Monday, 28 April 2014

The Return


I had returned to Snowdonia. Who was it said 'never go back'?

Towering ridges pressed upon the Llanberis Pass. I halted amid huge boulders and craggy buttresses. Fifteen years had passed since my last visit. Gill's death hung over me.

I would again traverse the Snowdon Horseshoe, scrambling up and along the narrow ridge of Crib Goch. I'd cross the pinnacles to the bwlch and then the place would be near - a steepening of the ridge that marked the start of the ascent to Crib y Ddysgl.

She had fainted then fallen. The post mortem could find no cause. We built a memorial; scattering her ashes over the cairn on a wet, windswept day.

In the sun it was an innocent place, a pile of stones under an outcrop. I repaired the cairn and sat in a landscape formed by glaciers millenia before. Far below, Glaslyn shimmered under the rugged peaks of Snowdon and Lliwedd. In the distance the Irish Sea was calm and cloudless.

I collected a stone from the cairn, it was shaped like a pinnacle from the ridge, and went on. Tourists were massing at the top of the Pyg Track. A place where we had hugged and kissed in mist. The sinuous trail to the summit now flagstoned to protect the fragile earth from all those feet: some in boots, many in trainers, a few in wedges.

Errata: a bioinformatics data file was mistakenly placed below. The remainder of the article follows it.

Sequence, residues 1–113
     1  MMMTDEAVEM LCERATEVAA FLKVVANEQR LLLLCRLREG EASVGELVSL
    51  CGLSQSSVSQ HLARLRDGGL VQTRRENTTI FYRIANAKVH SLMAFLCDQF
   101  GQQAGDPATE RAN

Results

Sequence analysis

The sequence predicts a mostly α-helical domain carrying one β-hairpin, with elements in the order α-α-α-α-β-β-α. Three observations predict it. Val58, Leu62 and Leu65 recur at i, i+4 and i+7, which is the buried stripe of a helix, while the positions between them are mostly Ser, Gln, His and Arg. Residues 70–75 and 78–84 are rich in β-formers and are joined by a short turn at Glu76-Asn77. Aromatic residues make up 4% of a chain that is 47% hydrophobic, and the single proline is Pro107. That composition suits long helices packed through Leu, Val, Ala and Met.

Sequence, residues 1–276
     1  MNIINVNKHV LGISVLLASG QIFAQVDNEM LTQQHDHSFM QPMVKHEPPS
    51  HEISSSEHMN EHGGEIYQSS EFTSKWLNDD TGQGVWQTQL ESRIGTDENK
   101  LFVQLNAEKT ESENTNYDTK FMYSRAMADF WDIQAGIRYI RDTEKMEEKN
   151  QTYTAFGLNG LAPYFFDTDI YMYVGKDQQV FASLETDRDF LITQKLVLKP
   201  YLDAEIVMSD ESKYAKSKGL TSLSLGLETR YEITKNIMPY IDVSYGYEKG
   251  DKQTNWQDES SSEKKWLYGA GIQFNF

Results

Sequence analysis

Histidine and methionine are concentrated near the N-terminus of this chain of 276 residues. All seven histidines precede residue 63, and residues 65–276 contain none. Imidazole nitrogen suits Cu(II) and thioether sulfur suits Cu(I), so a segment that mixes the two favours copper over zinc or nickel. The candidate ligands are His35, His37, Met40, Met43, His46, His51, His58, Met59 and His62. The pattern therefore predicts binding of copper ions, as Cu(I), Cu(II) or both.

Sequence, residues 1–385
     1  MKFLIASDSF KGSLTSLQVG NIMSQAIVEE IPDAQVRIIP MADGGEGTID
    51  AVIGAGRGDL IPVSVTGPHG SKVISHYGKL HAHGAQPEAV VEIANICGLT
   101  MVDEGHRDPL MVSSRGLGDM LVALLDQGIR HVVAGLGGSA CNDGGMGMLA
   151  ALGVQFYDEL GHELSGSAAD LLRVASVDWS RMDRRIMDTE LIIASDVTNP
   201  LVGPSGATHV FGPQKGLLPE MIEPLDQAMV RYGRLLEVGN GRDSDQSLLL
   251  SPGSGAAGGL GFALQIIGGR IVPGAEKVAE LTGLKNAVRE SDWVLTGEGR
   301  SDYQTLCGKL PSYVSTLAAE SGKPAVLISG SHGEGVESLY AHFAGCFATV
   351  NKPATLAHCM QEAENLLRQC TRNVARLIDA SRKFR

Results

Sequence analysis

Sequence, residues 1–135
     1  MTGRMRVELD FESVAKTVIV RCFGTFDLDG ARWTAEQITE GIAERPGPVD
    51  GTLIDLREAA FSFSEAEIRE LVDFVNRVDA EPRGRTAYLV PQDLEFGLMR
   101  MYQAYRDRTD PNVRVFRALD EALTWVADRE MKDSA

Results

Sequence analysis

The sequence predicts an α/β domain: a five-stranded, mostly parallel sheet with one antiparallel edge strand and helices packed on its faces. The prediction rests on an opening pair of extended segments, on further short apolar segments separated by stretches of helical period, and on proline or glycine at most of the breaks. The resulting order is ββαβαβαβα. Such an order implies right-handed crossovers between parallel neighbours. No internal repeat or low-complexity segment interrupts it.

I crossed Lliwedd with my heavy load digging in and descended slowly to the Miner's Track, hillwalkers and tourists mingling on their way back to Pen y Pass.

It had taken seven hours, but on my return I could not rest. I drove back down 'The Pass' and stopped by the Cromlech Boulders. I remembered sitting on top with Alan in evening sunshine after we'd done routes on Dinas Mot, limbs heavy with success and reluctant to begin the journey home. I grinned, thirty years had flown.

I carried on down the road to Flying Sheep Gully, where, one winter, I'd almost been knocked from my perch by a mountain sheep less sure-footed than its companions. I stopped again at Nant Peris, the simple campsite where you washed in the stream and one morning at ten to six I'd felt my first earthquake. Then into the Vaynol Arms, scene of many an evening of story and celebration.

A pint of Robinson's Best. The day had gone well.


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